History buffs will find lots of historic treasures to explore in Elizabeth City -- so many, in fact, that they might need a guidebook.
That's where the “Elizabeth City Historic Walking Tour” guide comes in.
Published by the Elizabeth City Historic Neighborhood Association, the booklet focuses on sites along the historic Main Street commercial district, listed in the National Register of Historic Places.
“The Main Street district has so many lovely, historic buildings—and is fun for people to walk,” said Association President Jean Baker. “We invite visitors to make a day of it, beginning their tour anywhere they choose and stopping along the way to sightsee, shop, dine and enjoy our ‘Harbor of Hospitality.’”
The guide, with corresponding map, photos and site descriptions, features 66 parks, monuments, buildings and homes, covering approximately 20 blocks and including such sites as:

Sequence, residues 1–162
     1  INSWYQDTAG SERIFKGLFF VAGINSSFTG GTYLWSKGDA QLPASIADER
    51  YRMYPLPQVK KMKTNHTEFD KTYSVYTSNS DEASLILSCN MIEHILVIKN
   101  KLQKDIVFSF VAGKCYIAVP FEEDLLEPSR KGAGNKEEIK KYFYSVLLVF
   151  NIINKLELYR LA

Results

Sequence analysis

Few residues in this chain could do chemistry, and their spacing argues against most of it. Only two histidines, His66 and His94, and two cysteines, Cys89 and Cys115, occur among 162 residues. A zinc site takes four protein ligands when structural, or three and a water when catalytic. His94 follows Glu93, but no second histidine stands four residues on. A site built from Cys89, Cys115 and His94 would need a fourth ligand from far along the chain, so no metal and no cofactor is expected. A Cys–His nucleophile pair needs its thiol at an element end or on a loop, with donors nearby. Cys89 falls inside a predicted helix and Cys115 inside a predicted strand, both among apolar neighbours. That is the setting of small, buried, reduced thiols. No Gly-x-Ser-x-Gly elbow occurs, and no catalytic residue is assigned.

- The Reverend Forbes Monument, where the rector of Christ Episcopal Church saved Elizabeth City’s buildings from damage by “surrendering” the city to the Union Navy in 1862.
- The Lowry Chesson Building, built in 1897 and home to the Bee Hive Department store and later Chesson’s Department Store and “Academy of Music,” the city’s first opera house. Today it is home to The Center, headquarters of Arts of the Albemarle.
- Arlington Hotel Site, which provided accommodations to Wilbur and Orville Wright in 1900 on their first trip to North Carolina.
- The Charles O. Robinson House, constructed in 1914 as a wedding present for Ivy Blades, from her father, when she married Charles O. Robinson. Still a private home, it is one of the state’s finest examples of Southern Colonial, or Neoclassical style architecture.
The Elizabeth City Walking Tour guide is free at the Elizabeth City Area Convention & Visitors Bureau, Elizabeth City Chamber of Commerce, The Center at Arts of the Albemarle, Museum of the Albemarle, the public library and the information kiosk at Mariners’ Wharf Park.
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